Saturday, April 4, 2015
CHOCOLATE - POST BY JULIET WALDRON
It’s almost Easter—time for those delicious chocolate eggs and bunnies—so that’s what I’m going to talk about.
Chocolate has a long history. It has only been available to Europeans for 500 years, the commodity passed from the Aztecs to their Spanish Conquerors. In Spain, it was for the first time mixed with sugar, cinnamon, vanilla, cloves and allspice, which changed it from the bitter, hot pepper tonic beloved by the Indians, to a sweet treat. The royal court kept it to themselves for over a hundred years, but when a daughter of Philip of Spain married Louis XIII in 1615, she brought a chest of chocolate as part of her dowry. Like all exotic substances, Europeans originally promoted the new drink as an aphrodisiac.
It wasn’t until 1657 that London would see its first chocolate house. The fad moved in a big way to Austria, following the Habsburg royal court’s 1711 dynastic move from Madrid to Vienna. The production method remained laborious, and here I’ll quote the chocolate maker for Colonial Williamsburg:
The chocolate production process involves “roasting cocoa beans, shelling them, crushing them in a large mixing bowl and transferring them to a heated grinding stone. Using an iron rolling pin, the cocoa beans are ground into a liquid and sugar and spices are added.” 18th-century chocolate would taste bitter to us, and gritty, too, because it’s impossible to grind the particles sufficiently fine using by-hand processes. Each month the chocolate would have a slightly different texture and flavor, because the flavor profiles of the beans are always changing.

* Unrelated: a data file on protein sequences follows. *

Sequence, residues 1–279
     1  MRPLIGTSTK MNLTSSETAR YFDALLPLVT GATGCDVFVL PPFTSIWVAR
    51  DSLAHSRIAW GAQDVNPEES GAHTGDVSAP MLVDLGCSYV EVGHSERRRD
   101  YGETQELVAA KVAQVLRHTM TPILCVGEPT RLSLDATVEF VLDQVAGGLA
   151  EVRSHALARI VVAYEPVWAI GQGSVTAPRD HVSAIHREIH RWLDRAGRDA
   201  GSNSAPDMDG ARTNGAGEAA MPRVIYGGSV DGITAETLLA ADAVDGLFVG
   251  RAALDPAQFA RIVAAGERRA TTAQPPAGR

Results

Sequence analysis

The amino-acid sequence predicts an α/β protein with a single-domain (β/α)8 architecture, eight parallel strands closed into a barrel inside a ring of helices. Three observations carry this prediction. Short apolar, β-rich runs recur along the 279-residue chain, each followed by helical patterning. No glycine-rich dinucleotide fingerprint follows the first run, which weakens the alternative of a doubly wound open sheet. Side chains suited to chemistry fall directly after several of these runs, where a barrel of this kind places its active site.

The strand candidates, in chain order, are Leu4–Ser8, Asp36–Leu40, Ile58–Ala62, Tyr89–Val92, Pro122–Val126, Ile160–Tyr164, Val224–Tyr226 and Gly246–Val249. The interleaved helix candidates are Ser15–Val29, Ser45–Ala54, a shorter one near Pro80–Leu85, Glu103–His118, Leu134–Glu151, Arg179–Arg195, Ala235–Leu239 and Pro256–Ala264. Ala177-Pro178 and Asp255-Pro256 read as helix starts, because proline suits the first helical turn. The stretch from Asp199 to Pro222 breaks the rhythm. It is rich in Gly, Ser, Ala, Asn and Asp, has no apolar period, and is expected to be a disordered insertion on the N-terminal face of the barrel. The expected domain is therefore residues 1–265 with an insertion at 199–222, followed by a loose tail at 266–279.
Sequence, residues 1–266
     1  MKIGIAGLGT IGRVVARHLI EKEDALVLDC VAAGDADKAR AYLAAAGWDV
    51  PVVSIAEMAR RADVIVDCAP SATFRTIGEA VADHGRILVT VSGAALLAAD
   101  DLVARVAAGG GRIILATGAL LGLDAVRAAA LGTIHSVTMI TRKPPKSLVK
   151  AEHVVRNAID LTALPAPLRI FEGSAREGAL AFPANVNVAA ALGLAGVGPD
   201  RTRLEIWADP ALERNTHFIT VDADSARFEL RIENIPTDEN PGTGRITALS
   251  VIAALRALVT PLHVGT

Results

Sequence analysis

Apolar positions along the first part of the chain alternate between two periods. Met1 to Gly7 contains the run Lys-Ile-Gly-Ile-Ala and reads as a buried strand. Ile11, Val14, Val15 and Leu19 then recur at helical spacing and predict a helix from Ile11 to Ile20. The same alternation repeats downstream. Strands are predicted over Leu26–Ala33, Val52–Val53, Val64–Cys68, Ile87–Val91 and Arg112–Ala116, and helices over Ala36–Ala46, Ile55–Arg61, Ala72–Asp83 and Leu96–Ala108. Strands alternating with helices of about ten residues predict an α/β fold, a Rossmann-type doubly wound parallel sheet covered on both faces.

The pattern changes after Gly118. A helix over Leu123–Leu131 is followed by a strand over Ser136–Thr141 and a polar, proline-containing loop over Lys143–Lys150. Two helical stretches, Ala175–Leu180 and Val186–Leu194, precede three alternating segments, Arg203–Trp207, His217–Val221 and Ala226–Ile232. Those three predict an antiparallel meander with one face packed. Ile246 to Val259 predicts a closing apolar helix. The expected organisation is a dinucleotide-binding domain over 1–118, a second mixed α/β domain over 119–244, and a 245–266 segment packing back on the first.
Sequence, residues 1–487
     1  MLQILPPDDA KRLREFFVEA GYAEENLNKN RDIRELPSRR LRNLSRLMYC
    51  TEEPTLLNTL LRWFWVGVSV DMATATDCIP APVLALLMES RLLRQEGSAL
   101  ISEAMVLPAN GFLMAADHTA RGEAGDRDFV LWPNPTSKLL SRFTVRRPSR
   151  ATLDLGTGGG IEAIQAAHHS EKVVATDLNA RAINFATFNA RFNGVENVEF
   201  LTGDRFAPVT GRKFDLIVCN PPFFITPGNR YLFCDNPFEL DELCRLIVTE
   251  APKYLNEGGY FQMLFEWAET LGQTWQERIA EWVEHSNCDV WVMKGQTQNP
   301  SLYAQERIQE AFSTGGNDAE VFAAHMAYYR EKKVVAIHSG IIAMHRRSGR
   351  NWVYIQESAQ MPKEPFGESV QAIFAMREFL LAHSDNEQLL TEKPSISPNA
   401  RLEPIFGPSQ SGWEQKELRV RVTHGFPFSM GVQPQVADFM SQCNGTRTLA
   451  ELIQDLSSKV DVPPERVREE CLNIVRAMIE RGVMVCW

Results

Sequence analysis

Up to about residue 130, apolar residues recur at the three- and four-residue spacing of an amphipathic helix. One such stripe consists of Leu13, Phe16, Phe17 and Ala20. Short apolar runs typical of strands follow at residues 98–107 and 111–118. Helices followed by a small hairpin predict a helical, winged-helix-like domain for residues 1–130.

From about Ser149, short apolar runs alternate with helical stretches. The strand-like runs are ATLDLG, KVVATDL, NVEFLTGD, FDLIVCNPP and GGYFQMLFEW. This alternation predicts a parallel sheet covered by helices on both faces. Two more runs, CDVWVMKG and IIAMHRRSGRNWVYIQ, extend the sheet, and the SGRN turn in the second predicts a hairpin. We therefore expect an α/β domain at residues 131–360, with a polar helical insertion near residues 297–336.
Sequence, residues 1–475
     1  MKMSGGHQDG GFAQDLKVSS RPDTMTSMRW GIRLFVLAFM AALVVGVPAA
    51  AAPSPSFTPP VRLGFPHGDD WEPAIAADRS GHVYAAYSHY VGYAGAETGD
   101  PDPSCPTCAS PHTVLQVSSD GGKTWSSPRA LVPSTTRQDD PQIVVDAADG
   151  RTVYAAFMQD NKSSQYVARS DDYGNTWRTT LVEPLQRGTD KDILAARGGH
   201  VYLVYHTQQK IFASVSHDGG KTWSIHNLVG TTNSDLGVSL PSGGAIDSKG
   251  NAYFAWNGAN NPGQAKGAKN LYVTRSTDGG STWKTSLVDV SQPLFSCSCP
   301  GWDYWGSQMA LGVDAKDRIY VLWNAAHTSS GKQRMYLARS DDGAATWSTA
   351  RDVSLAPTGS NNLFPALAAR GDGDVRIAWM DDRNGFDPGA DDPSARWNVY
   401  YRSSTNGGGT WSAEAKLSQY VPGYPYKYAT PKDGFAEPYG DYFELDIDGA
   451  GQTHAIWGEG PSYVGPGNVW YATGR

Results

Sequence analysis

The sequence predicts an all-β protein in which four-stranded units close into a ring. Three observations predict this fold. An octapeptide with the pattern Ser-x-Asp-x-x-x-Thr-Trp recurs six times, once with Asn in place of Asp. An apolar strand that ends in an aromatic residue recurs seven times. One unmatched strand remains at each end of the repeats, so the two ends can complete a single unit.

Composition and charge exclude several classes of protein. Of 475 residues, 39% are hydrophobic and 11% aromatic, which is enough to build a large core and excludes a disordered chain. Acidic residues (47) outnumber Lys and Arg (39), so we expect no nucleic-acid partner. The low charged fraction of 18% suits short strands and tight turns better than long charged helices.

It’s the social aspect of the new drink that I find most interesting. Chocolate remained a luxury until the middle of the 19th Century. Lorenzo DaPonte, “poet” to Mozart, wrote a telling scene for the character “Despina” in their last collaboration, Cosi Fan Tutte. Despina—who is the definition of “saucy”--is on her way to her spoiled, silly mistresses’ room carrying a fragrant treat she has never tasted.
“There’s nothing more miserable than being a maid.
From morning till night you’re busy, you’re sweating and slaving
And then when you’re done, there’s nothing left for you.
I’ve been stirring this for half an hour:
The chocolate’s ready and
all I can do is stand here with my tongue hanging out!
My dear young ladies, you get the substance
And I get the smell!
By God, I’m going to try it!”
She then drinks straight from the spout before exclaiming:
“Oh, how delicious it is!”
How glad I am that times have changed, and that Milton Hershey, the Henry Ford of the chocolate business, found a way to make this delightful treat available to everyone!
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